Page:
Marriage and Coverture

Legal papers, estate records, lawyers’ notes, and correspondence document the sometimes contested practices surrounding married women’s legal existence in the eighteenth and nineteenth centuries.

Trusts and Guardianship

A number of nineteenth- and twentieth-century collections contain guardian accounts, trust accounts, and other documentation relating to trusts that benefit women, as well as information regarding the guardianship of minors.

Living in Poverty

Collections that contain records related to town poor relief in Massachusetts and Vermont, spanning the eighteenth and half of the nineteenth century, and document the interrelations between the lives of ill or impoverished women and the women and men of their communities.


Records documenting the personal existence of those who existed only as chattels under the law, in bills of sale, advertisements, and ownership records from the late eighteenth century until the middle of the nineteenth.

Documenting Women's History

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Letter from Rebecca Usher to Nathan Webb, July 26, 1893.

Nathan Webb was a lawyer in Portland, Maine in the second half of the nineteenth century. In 1882 he became judge of the United States District Court for Maine. His papers illuminate a variety of the ways in which American women’s lives intersected with civil law in the second half of the nineteenth century, including the laws of coverture, inheritance settlements, and litigation over various matters.

"I enclose the mem- of the valuation of our estate on the town books," wrote Rebecca Usher to Nathan Webb on July 26, 1893. "Our estate" was the inheritance of her sister Martha Usher Osgood, in which Rebecca had a life interest. After her death, the estate would fall to one of her other sisters, Jane. Nathan Webb, who was married to Jane Usher, was the executor of the estate. Fourteen lively letters, written by Rebecca Usher to Webb in 1893 and 1894, show a woman in firm control of her financial affairs who gained complete control of the estate from Webb in 1898.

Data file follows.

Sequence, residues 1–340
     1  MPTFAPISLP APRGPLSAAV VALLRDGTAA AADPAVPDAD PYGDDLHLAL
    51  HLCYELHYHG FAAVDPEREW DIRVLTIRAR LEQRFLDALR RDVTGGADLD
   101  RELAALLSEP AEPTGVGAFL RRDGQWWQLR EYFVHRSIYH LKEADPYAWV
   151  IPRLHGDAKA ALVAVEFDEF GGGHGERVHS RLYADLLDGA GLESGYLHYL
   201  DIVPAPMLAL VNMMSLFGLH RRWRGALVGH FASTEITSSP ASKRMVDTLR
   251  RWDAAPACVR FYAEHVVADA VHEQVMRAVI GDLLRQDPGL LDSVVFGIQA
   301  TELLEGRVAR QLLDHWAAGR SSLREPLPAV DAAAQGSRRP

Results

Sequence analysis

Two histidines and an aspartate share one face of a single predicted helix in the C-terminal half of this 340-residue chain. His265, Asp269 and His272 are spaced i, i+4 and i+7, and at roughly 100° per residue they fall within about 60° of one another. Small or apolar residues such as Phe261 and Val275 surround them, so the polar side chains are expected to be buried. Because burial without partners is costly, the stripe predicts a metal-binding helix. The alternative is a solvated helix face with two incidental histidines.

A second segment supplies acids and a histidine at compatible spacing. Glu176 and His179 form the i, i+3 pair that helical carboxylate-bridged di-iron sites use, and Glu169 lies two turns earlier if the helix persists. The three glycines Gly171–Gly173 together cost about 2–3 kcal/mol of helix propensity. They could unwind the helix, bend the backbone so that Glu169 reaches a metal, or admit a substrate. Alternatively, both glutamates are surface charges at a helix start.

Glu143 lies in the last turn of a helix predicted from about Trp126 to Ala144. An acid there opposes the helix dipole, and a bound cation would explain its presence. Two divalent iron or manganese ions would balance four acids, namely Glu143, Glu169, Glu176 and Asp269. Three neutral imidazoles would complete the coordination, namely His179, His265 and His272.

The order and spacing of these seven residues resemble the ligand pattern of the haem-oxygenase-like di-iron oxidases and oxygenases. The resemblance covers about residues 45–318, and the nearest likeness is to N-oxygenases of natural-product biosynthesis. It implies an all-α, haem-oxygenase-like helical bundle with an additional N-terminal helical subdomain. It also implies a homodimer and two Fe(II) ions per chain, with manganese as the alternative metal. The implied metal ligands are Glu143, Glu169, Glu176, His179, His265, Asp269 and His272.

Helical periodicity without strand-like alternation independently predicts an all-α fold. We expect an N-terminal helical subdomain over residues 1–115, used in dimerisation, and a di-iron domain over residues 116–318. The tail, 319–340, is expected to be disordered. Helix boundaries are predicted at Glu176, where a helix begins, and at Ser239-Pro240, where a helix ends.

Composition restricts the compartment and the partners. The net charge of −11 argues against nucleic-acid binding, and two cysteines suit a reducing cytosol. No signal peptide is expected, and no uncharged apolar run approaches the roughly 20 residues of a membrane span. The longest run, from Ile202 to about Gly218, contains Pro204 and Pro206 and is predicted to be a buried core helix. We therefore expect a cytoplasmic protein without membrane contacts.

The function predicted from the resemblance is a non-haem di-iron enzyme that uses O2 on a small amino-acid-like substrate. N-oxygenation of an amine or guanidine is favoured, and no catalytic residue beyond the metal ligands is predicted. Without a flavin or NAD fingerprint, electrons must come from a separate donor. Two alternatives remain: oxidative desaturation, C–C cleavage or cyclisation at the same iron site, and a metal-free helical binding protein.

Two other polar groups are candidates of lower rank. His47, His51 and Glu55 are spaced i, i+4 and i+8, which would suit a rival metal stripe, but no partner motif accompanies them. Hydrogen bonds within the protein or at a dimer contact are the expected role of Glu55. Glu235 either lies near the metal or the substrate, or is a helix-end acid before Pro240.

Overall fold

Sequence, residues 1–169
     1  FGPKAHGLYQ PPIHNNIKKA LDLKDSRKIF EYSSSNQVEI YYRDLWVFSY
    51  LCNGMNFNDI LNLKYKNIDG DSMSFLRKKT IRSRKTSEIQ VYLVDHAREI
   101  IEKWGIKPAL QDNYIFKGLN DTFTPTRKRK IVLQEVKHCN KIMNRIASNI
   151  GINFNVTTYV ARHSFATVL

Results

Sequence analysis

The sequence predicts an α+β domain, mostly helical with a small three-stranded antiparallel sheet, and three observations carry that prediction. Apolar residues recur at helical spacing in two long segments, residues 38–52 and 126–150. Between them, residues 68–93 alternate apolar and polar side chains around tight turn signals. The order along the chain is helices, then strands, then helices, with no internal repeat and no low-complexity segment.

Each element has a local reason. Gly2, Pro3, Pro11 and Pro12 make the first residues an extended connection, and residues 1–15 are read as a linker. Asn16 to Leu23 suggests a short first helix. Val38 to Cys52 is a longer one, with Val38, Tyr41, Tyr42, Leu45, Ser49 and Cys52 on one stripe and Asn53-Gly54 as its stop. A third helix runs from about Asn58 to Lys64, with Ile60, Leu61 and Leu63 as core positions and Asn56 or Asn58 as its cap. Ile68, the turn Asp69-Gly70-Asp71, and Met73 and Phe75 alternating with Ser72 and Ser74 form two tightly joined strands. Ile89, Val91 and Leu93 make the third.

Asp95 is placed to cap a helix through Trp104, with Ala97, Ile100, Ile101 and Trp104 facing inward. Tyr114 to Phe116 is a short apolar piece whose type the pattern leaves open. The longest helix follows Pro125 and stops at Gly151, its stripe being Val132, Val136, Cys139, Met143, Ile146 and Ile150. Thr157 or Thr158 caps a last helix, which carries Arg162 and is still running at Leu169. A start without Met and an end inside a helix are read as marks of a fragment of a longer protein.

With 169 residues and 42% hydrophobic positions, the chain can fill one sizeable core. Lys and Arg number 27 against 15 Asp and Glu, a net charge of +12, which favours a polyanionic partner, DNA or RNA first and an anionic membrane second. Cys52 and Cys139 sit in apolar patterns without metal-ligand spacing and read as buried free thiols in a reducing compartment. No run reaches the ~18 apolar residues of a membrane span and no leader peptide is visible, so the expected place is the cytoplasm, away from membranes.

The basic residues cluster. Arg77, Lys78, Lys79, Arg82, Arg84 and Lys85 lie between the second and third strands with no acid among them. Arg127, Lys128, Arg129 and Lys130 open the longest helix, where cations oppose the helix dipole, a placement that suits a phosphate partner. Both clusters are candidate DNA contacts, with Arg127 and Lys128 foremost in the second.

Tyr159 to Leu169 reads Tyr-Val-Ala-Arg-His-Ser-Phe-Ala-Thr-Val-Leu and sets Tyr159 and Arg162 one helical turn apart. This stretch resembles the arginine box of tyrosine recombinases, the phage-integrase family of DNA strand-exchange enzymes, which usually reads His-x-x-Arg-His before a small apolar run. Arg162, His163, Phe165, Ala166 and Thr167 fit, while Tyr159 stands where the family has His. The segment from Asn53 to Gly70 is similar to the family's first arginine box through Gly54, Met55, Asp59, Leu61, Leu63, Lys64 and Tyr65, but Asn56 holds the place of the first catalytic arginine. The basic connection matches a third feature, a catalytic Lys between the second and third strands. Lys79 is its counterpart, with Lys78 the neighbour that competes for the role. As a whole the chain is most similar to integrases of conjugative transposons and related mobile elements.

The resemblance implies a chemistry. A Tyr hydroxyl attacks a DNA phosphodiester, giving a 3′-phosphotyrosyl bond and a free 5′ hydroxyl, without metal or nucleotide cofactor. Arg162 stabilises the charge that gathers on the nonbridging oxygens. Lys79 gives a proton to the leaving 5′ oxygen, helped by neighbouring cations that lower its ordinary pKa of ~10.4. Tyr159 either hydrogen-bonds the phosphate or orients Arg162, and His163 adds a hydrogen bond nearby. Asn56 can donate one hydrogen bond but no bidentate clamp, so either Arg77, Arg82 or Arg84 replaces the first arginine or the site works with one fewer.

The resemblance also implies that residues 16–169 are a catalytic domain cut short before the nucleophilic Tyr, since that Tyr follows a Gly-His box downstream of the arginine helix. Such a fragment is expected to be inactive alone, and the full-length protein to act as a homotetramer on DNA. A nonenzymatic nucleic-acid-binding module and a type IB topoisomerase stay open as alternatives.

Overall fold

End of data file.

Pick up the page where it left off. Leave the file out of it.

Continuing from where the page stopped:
Webb’s records contain thirty years of accounts and correspondence about the finances and legal affairs of the Usher sisters and other women, as well as wills, probate records and records of Webb’s guardianship of minor children. Webb also kept accounts of investments and claims against estates he administrated, including childcare and nursing care payments.

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Letter from Fannie Haskell to Nathan Webb, August 27, 1887.

The Webb collection also includes records of legal cases involving women as plaintiffs. The accounts of Nathaniel Osgood's estate include the records of a disputed claim by Mary O. Cushman, who worked in Osgood's store for 45 years. Of particular note are two 1877 letters from schoolteacher Fannie A. Haskell concerning taking legal action against the town of New Gloucester, Maine. Haskell alleged that the town's poor maintenance of the roads caused an accident which kept her from working during the winter. This letter recounts the outrage of the townspeople at the suggestion of a lawsuit: "one prominent citizen in a public meeting inquired, 'what can you do with an obstinate, wilful girl?'"